of pre-Columbian Mesoamerica. The tzolk'in, the basic cycle of the Maya calendar, is a preeminent component in the society and rituals of the ancient and the modern Maya. The tzolk'in is still in use by several Maya communities in the Guatemalan highlands. Its use is marginal but spreading in this region, although opposition from Evangelical Christian converts continues in some communities. The word tzolk'in, meaning "division of days"[citation needed], is a western coinage in Yukatek Maya
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Haab'
The Haab' (Mayan pronunciation: [haːɓ]) is part of the Maya calendric system
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Regnal Year
A regnal year is a year of the reign of a sovereign, from the Latin regnum meaning kingdom, rule. The oldest dating systems were in regnal years[citation needed], and considered the date as an ordinal, not a cardinal number. For example, a monarch could have a first year of rule, a second year of rule, a third year of rule, and so on, but not a zeroth year of rule, which would be nonsensical. Applying this ancient epoch system to modern calculations of time, which include zero, is what led to the debate over when the third millennium began. Regnal years are "finite era names", contrary to "infinite era names" such as Christian era, Jimmu era, Juche era, and so on.Contents1 Reckoning in various cultures 2 England 3 Ancient Egypt 4 Asian era names4.1 Chinese era names 4.2 Japanese 4.3 Korean5 Notable king lists 6 See also 7 ReferencesReckoning in various cultures[edit] In ancient times, calendars were counted in terms of the number of years of the reign of the current monarch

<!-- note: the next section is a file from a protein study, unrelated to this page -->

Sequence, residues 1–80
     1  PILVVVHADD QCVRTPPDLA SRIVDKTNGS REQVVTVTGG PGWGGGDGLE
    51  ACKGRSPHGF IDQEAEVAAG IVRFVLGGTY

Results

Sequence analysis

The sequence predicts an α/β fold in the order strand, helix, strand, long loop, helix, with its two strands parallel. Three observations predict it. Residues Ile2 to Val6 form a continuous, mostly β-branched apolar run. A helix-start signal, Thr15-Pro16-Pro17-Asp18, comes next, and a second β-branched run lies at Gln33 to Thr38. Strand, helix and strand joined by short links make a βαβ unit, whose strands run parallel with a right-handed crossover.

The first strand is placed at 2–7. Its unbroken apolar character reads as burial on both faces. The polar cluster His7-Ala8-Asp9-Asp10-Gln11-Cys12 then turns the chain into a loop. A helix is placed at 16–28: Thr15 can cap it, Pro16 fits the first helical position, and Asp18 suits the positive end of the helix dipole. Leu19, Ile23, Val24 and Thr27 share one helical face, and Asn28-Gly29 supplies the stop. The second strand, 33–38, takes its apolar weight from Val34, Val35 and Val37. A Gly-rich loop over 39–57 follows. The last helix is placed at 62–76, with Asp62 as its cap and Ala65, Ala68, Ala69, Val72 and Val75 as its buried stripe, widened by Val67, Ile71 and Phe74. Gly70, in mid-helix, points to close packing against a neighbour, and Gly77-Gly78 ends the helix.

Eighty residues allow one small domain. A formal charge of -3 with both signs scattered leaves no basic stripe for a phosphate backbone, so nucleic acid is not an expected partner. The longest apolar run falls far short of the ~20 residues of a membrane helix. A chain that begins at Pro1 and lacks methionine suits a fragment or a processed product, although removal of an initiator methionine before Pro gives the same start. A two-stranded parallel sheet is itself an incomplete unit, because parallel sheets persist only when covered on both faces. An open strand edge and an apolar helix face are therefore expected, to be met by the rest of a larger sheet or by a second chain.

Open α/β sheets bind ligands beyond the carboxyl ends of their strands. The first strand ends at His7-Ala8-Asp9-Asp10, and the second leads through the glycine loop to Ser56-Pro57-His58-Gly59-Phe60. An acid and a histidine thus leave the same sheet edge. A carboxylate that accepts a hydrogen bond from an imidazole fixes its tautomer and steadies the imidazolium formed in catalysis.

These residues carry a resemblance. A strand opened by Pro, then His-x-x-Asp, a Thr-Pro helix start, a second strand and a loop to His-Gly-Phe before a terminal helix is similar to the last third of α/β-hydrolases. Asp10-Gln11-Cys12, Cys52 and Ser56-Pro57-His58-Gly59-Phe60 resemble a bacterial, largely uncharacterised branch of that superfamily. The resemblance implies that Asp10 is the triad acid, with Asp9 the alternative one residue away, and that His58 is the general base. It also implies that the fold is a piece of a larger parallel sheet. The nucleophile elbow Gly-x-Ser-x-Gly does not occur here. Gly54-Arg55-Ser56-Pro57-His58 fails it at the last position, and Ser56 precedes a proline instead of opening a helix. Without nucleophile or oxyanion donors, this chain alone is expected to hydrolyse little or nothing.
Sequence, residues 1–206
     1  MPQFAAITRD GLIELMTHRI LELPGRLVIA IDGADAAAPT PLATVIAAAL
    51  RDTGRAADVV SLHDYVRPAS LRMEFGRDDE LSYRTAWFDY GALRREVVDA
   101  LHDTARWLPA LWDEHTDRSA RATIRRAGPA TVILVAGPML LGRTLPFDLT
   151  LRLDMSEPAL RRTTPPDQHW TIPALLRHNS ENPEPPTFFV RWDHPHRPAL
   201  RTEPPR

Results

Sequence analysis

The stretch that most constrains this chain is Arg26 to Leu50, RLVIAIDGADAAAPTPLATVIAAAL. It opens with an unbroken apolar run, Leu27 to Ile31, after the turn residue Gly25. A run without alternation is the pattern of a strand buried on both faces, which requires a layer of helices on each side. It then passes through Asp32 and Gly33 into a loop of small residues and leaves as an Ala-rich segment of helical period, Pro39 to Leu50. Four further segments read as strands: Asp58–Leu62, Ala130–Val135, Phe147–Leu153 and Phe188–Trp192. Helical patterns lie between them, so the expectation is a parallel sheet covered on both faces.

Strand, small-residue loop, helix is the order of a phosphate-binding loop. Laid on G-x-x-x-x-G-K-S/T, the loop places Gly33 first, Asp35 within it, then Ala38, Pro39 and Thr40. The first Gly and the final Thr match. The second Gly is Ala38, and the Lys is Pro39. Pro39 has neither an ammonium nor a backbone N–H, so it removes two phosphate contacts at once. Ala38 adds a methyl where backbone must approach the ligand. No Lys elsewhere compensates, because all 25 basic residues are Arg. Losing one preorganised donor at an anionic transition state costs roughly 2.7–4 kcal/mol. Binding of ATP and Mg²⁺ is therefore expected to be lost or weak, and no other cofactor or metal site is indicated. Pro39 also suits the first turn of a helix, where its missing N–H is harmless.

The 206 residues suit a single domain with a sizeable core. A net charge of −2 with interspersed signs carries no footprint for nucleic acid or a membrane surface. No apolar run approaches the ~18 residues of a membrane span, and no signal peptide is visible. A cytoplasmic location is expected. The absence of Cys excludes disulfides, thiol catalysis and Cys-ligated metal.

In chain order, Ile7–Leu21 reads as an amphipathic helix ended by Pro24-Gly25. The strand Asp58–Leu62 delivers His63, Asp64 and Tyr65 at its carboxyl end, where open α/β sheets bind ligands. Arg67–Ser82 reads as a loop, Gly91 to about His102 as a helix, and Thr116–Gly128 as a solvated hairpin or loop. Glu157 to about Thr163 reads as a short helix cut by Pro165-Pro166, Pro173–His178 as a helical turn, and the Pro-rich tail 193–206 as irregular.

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Canon Of Kings
The Canon of Kings was a dated list of kings used by ancient astronomers as a convenient means to date astronomical phenomena, such as eclipses. The Canon was preserved by the astronomer Claudius Ptolemy, and is thus known sometimes as Ptolemy's Canon. It is one of the most important bases for our knowledge of ancient chronology. The Canon derives originally from Babylonian sources. Thus, it lists Kings of Babylon
Babylon
from 747 BC until the conquest of Babylon
Babylon
by the Persians in 539 BC, and then Persian kings from 538 to 332 BC
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Limmu
Limmu was an Assyrian eponym. At the beginning of the reign of an Assyrian king, the limmu, an appointed royal official, would preside over the New Year festival at the capital. Each year a new limmu would be chosen. Although picked by lot, there was most likely a limited group, such as the men of the most prominent families or perhaps members of the city assembly. The Assyrians used the name of the limmu for that year to designate the year on official documents. Lists of limmus have been found accounting for every year between 892 BC and 648 BC. During the Old Assyrian period, the king himself was never the limmum, as it was called in their language
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Chinese Era Name